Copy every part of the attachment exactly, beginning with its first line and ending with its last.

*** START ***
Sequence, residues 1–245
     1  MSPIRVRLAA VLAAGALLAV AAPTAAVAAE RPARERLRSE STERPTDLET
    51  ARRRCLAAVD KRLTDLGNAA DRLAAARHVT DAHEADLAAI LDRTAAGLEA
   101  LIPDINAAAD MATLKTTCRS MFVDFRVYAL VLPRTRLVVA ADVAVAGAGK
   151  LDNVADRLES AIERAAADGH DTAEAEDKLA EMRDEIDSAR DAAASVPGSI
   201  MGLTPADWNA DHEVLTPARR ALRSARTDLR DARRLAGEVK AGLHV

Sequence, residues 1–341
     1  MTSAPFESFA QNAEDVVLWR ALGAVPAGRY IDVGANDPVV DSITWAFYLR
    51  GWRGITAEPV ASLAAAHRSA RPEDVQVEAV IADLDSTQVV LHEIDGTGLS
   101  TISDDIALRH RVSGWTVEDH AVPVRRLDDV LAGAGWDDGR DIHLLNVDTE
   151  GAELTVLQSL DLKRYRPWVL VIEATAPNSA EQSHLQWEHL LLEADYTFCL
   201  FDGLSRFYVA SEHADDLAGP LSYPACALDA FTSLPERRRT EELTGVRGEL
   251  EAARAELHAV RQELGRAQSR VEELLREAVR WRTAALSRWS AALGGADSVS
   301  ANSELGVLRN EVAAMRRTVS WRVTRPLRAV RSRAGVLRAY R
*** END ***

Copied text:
Sequence, residues 1–245
     1  MSPIRVRLAA VLAAGALLAV AAPTAAVAAE RPARERLRSE STERPTDLET
    51  ARRRCLAAVD KRLTDLGNAA DRLAAARHVT DAHEADLAAI LDRTAAGLEA
   101  LIPDINAAAD MATLKTTCRS MFVDFRVYAL VLPRTRLVVA ADVAVAGAGK
   151  LDNVADRLES AIERAAADGH DTAEAEDKLA EMRDEIDSAR DAAASVPGSI
   201  MGLTPADWNA DHEVLTPARR ALRSARTDLR DARRLAGEVK AGLHV

Sequence, residues 1–341
     1  MTSAPFESFA QNAEDVVLWR ALGAVPAGRY IDVGANDPVV DSITWAFYLR
    51  GWRGITAEPV ASLAAAHRSA RPEDVQVEAV IADLDSTQVV LHEIDGTGLS
   101  TISDDIALRH RVSGWTVEDH AVPVRRLDDV LAGAGWDDGR DIHLLNVDTE
   151  GAELTVLQSL DLKRYRPWVL VIEATAPNSA EQSHLQWEHL LLEADYTFCL
   201  FDGLSRFYVA SEHADDLAGP LSYPACALDA FTSLPERRRT EELTGVRGEL
   251  EAARAELHAV RQELGRAQSR VEELLREAVR WRTAALSRWS AALGGADSVS
   301  ANSELGVLRN EVAAMRRTVS WRVTRPLRAV RSRAGVLRAY R